Young workers, Wall Street, a couple of airlines and U.S. taxpayers could come out as winners in the pension changes made by Congress.
Some older employees, as well as truck drivers and construction workers hoping to retire early, might not fare as well.
The legislation passed by the Senate late Thursday and sent to the president will, if successful, prod companies to fund their pension plans properly and ensure that workers get the retirement benefits they deserve.
But the bill also reflects the reality that the traditional defined-benefit pension plan system is in decline, and the transition to new defined-contribution-style savings plans won’t be easy.
Here’s how some of the major players in the legislation may be affected:
The 30,000 defined-benefit plans run by employers are now underfunded by $450 billion, and the bill requires plans to reach 100 percent funding levels in seven years. Seriously underfunded “at-risk” companies must contribute at an accelerated rate.
The American Benefits Council, which represents companies with traditional pension plans, said the bill was a “mixed bag,” that promotes saving but could make funding requirements more unpredictable, giving plan sponsors thinking of freezing their plans another reason for doing so.
The council’s vice president, Lynn Dudley, said the bill shifts saving responsibilities onto the individual by promoting 401(k) and other defined-contribution plans. “Defined-benefit plans were sacrificed in the process and for that we are disappointed.”
Frank McArdle, manager of the Washington office of Hewitt Associates, a human resources consulting firm, didn’t think the funding rules would of themselves contribute to more ditched plans. “We think in the end companies will figure out a way to work with them.”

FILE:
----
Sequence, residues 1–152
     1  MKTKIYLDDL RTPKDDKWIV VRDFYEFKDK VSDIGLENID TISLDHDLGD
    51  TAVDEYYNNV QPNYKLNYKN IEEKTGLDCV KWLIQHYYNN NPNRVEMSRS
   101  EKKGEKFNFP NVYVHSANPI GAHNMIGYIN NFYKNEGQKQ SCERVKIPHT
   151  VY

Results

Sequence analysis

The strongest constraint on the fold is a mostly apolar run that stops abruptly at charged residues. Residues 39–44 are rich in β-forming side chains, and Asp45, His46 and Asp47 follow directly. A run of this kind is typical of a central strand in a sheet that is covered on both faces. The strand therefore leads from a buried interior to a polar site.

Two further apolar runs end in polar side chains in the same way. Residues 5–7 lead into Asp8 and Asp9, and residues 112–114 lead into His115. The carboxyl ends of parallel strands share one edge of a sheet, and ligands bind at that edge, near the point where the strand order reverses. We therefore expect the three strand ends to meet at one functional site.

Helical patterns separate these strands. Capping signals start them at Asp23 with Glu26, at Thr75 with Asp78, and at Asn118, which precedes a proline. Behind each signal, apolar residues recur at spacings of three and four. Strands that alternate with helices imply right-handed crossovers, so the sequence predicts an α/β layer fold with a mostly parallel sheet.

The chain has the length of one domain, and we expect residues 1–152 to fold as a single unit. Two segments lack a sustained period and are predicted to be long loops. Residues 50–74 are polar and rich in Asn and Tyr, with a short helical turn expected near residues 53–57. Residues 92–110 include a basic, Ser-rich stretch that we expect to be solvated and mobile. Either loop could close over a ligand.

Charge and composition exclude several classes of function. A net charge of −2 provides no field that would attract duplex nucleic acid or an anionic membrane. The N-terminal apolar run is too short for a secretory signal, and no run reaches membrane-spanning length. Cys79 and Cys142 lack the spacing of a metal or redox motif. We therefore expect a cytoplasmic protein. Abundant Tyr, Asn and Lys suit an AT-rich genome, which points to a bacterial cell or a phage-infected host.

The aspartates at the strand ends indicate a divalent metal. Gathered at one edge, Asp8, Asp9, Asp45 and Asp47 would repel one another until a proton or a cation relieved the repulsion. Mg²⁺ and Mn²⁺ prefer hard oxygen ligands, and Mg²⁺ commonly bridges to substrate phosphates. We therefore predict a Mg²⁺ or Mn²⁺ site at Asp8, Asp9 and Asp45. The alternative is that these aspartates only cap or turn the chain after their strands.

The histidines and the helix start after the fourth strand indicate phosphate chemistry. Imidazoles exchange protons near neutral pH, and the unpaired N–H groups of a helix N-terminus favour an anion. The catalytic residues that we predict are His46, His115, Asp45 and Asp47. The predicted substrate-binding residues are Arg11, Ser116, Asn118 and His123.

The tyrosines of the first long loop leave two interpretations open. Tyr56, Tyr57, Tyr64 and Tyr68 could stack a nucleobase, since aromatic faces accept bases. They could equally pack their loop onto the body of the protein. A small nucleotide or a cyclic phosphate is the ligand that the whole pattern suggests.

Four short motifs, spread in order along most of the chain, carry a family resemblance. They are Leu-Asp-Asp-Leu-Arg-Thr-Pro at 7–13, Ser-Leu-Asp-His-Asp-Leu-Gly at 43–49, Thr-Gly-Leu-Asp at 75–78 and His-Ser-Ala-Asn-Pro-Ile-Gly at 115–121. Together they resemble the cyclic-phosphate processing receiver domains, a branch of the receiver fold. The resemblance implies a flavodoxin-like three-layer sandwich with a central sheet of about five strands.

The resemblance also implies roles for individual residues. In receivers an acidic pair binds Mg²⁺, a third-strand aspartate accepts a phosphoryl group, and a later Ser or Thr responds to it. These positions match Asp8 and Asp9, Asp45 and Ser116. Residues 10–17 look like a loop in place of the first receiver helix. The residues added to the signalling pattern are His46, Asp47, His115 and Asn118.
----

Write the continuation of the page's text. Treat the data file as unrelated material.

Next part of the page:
The Congressional Budget Office concluded that companies will actually contribute less to their plans over the next few years as the new funding rules are phased in, but will start making higher contributions in about five years.
Two companies pleased about the legislation are Delta Air Lines and Northwest Airlines Corp., which have filed for bankruptcy and have frozen their defined benefit pension plans. Delta intends to terminate its pilots’ pension plan. Concerned that the two airlines would dump their plans, underfunded by a total of more than $10 billion, on the government, lawmakers gave them an extra 10 years beyond the seven years that other companies get to catch up.
“Delta will be in a position to preserve its pension plan covering 91,000 active and retired ground and flight attendant employees, thereby preserving their hard-earned benefits and preventing the U.S. pension system from being burdened with additional plan liabilities,” Delta CEO Gerald Grinstein said in a statement.
Not quite as pleased were American Airlines and Continental Airlines Inc., the only major airlines with active defined-benefit plans. Unless they freeze their plans, entitling them to the full 10-year extension, they will get three years on top of the seven-year payback time. Lawmakers from Texas, where the two airlines are based, said Congress shouldn’t give advantages to one company over another. Of the 16 House Republicans who voted against the bill, 15 were from Texas.